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Power Electronics Smooth Solar Transition

New devices address instability caused by high penetration of distributed solar.
January 21, 2014

As rooftop solar panels become increasingly popular, utilities are growing concerned that they will put pressure on local grids, destabilizing power service and requiring costly equipment upgrades.

The rapid adoption of solar photovoltaics has already prompted changes in Germany and parts of Hawaii, California, and New Jersey. Because nearly 10 percent of Hawaiian Electric’s customers have rooftop solar, the utility now requires solar contractors and customers on the island of Oahu to get approval before installing a PV system. It’s also developing a model for sharing the cost of studying what upgrades may be required to add another rooftop solar system, says a spokesperson for the local utility.

To address the instability caused by distributed solar, startup Gridco Systems is introducing a product that uses power electronics to smooth out spikes in voltage caused by solar generators. The company thinks its ground- or pole-mounted devices will create a distributed control infrastructure to monitor and manage the flow of power for a number of uses, including solar integration.

Today’s electromechanical systems, such as capacitor banks or voltage regulators at substations, can take minutes to adjust voltage and are far removed from the solar installations where the problems occur. Meanwhile, prices have come down for power electronics, devices that can change the properties of electricity and precisely control the amount of power going to various applications. That means the technology is more economical for use in the power grid, says Naimish Patel, the CEO of Gridco Systems, which has raised $30 million from venture capitalists.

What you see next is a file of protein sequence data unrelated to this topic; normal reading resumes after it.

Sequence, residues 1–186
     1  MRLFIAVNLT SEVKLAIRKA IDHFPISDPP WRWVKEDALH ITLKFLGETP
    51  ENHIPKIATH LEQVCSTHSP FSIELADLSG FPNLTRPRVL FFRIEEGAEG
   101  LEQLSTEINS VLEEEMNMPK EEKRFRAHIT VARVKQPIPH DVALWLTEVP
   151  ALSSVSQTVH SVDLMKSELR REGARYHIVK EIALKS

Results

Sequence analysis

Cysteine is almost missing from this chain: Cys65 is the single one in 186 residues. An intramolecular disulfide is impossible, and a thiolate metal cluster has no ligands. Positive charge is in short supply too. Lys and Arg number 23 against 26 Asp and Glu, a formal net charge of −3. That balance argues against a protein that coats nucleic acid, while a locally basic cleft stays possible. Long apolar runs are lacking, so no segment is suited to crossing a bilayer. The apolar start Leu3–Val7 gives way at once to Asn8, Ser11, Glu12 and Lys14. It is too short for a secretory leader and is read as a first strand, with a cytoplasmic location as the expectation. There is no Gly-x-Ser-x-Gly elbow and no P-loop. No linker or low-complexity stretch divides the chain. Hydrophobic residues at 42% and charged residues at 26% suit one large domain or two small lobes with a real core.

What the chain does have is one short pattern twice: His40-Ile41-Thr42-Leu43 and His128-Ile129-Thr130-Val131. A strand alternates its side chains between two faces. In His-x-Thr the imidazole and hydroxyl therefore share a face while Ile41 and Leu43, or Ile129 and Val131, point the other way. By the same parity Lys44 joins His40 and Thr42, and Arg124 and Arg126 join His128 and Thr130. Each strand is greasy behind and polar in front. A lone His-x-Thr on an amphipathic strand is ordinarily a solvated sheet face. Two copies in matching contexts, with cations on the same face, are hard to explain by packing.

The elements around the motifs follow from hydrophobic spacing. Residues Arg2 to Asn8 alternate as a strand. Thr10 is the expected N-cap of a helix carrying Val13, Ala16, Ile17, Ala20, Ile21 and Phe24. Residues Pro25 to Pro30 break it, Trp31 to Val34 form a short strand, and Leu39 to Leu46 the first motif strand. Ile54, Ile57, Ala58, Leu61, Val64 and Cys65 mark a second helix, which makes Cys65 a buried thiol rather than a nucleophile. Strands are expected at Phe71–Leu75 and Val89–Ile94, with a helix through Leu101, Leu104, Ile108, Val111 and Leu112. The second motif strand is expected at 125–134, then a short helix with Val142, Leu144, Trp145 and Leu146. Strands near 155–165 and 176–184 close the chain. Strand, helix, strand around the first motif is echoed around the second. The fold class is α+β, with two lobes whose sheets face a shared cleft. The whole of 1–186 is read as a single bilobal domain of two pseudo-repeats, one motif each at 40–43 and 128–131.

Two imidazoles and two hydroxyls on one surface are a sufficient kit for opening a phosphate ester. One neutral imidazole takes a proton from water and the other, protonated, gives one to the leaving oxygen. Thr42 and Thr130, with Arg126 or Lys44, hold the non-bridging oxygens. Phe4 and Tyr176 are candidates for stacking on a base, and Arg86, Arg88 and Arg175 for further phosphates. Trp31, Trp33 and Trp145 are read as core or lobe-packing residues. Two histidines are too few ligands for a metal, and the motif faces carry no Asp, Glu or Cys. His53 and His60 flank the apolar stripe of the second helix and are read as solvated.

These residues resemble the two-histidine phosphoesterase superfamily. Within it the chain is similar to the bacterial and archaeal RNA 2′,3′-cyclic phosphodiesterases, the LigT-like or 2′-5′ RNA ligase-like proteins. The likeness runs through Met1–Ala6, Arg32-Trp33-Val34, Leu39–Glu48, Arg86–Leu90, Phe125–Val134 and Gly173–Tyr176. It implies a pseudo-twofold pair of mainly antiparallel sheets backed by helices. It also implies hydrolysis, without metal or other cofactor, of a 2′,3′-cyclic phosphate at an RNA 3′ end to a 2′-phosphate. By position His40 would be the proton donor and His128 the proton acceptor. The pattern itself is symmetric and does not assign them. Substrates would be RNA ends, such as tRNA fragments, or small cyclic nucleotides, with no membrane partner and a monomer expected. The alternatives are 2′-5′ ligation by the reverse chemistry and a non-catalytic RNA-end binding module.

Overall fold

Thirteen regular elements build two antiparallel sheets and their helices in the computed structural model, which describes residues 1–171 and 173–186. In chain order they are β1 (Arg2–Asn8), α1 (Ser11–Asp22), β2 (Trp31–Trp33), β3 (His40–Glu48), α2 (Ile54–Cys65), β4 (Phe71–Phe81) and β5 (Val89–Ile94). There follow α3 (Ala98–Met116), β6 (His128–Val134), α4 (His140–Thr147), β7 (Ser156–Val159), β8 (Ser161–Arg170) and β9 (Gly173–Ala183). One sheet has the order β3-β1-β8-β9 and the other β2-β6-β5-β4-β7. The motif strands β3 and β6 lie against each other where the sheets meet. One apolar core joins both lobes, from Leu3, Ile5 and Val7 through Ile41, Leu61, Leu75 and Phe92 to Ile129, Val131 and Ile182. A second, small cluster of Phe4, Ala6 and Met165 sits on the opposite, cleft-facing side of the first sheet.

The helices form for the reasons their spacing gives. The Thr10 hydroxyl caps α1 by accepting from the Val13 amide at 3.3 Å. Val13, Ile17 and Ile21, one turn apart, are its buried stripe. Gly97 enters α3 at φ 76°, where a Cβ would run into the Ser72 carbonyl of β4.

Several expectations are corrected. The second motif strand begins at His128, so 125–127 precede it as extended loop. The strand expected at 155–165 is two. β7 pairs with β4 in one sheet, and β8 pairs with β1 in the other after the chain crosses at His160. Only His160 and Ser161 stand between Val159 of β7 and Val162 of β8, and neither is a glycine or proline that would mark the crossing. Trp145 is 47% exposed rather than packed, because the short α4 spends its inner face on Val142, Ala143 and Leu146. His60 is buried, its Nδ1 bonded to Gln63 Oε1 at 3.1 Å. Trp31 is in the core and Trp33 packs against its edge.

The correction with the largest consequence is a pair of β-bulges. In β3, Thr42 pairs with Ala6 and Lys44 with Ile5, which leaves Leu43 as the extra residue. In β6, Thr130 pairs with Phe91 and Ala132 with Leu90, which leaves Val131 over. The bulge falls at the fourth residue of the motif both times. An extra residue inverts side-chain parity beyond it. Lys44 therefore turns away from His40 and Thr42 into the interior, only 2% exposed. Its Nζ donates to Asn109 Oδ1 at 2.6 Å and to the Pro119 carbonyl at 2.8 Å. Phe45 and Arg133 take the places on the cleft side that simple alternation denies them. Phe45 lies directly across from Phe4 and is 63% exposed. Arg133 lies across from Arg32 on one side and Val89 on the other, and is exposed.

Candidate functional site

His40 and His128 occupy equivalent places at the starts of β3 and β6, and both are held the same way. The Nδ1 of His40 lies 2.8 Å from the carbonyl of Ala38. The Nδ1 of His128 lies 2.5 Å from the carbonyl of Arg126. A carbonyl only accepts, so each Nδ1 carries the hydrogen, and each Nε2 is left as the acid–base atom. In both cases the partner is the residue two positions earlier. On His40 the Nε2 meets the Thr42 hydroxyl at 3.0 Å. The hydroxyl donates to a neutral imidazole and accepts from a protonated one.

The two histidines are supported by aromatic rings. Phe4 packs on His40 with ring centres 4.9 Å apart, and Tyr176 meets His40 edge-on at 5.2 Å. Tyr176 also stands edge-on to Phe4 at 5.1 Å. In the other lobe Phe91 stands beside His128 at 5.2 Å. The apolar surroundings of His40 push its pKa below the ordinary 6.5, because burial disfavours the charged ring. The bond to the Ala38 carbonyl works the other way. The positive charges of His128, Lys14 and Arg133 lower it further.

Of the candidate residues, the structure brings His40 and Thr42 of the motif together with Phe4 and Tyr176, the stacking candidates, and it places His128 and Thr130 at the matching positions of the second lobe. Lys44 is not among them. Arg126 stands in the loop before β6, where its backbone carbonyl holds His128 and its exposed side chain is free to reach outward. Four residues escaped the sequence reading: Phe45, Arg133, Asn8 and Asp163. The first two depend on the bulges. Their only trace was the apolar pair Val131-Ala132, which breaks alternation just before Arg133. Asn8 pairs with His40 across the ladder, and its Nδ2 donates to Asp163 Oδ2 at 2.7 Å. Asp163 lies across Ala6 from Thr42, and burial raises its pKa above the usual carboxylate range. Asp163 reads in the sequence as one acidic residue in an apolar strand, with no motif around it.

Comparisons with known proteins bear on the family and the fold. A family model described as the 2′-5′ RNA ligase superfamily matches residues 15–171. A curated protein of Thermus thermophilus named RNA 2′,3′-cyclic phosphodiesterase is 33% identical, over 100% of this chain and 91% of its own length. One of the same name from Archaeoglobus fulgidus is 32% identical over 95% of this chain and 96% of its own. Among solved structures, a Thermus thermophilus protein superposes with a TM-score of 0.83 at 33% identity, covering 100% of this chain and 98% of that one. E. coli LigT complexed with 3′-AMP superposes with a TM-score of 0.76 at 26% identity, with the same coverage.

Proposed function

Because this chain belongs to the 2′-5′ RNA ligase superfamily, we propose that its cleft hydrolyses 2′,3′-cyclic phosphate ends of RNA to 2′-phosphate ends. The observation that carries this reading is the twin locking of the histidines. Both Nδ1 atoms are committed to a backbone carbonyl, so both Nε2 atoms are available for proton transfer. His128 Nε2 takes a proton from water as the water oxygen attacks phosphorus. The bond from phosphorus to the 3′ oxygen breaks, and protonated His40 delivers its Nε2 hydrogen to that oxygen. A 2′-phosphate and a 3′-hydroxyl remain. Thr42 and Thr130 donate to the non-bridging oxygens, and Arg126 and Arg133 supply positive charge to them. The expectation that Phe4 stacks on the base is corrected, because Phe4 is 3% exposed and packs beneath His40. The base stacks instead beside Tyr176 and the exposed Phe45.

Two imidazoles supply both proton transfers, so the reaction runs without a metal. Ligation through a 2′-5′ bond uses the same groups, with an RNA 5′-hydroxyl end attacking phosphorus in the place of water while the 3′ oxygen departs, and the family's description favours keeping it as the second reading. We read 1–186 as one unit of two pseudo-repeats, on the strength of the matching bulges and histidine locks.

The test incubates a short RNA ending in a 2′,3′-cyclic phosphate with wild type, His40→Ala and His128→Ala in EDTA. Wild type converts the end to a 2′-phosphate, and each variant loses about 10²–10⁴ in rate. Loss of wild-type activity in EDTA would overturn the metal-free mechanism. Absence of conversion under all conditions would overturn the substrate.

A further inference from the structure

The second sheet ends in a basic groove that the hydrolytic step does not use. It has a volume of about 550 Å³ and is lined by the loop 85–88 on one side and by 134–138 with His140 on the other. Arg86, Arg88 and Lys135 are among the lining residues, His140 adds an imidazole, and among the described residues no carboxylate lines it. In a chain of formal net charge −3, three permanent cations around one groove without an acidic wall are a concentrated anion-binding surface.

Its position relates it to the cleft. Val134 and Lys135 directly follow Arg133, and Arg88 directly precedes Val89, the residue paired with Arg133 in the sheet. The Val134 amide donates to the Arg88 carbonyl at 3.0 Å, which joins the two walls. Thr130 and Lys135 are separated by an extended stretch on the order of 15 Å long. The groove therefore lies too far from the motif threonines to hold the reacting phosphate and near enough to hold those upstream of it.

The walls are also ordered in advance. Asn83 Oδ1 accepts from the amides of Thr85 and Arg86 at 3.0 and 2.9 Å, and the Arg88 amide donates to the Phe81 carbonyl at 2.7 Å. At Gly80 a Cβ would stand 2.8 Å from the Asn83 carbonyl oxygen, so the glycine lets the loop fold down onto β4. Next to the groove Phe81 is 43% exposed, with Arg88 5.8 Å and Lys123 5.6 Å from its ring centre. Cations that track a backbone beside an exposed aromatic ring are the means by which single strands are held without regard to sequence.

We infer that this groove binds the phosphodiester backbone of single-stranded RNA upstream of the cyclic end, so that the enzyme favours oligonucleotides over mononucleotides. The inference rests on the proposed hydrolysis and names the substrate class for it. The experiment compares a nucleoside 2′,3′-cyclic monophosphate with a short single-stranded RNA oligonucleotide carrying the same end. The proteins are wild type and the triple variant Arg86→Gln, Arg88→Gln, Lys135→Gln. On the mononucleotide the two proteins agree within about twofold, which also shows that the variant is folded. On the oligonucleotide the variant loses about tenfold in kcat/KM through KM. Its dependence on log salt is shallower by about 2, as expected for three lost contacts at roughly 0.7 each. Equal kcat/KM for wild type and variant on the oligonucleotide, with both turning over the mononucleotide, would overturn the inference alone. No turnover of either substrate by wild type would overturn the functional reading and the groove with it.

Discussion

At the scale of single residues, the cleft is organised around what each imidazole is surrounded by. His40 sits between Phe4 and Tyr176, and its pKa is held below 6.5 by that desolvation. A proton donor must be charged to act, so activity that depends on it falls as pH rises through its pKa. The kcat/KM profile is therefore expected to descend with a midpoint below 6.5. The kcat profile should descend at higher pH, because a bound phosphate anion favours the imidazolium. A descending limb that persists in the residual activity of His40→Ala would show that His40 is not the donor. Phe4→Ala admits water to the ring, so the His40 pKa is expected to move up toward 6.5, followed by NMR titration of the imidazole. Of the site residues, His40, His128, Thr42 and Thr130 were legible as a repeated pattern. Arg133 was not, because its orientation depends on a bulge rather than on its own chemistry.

If voltage on a circuit goes too high, it can endanger utility crews and cause damage to both utility and customer equipment. Distributed solar can also cause reliability problems if there’s a fault on the grid. Power plants can ride through disturbances, but solar PV generators are designed to shut down immediately, which can cause a spike in demand for power.

As a general rule, when solar power represents more than 15 percent of the peak-time load, utilities will want to analyze the potential impact. Given the fast adoption of solar, utility executives say that some sort of planning for equipment upgrades is required. A group of 16 western utilities called the Western Electric Industry Leaders wrote a letter last year to policy makers calling for rules that require the installation of so-called smart inverters. These devices can convert solar panels’ direct current to household alternating current, and they can also address problems with power quality.

The U.S. can avoid what happened in Germany, where utilities and the solar industry spent hundreds of millions of dollars on equipment upgrades, the utility executives wrote: “These new smart inverters will only cost about $150 more than current inverters, approximately one percent of the overall cost (of a solar installation). This is a bargain price given the expensive retrofit process in Germany.”

Devices based on power electronics, like Gridco’s, are more expensive than smart inverters but offer more features, analysts say. Gridco’s product, for instance, can be used to regulate voltage in solar-heavy circuits and to support voltage for better efficiency as well. Because they can connect to utilities’ communications networks, utilities can also directly control them, something that is hard to do with inverters on customer premises.

Gridco says its power regulators cost between $5,000 and $8,000. One device could regulate a single cluster of homes with rooftop PV, but managing voltage fluctuations in a utility-scale installation could require multiple devices.

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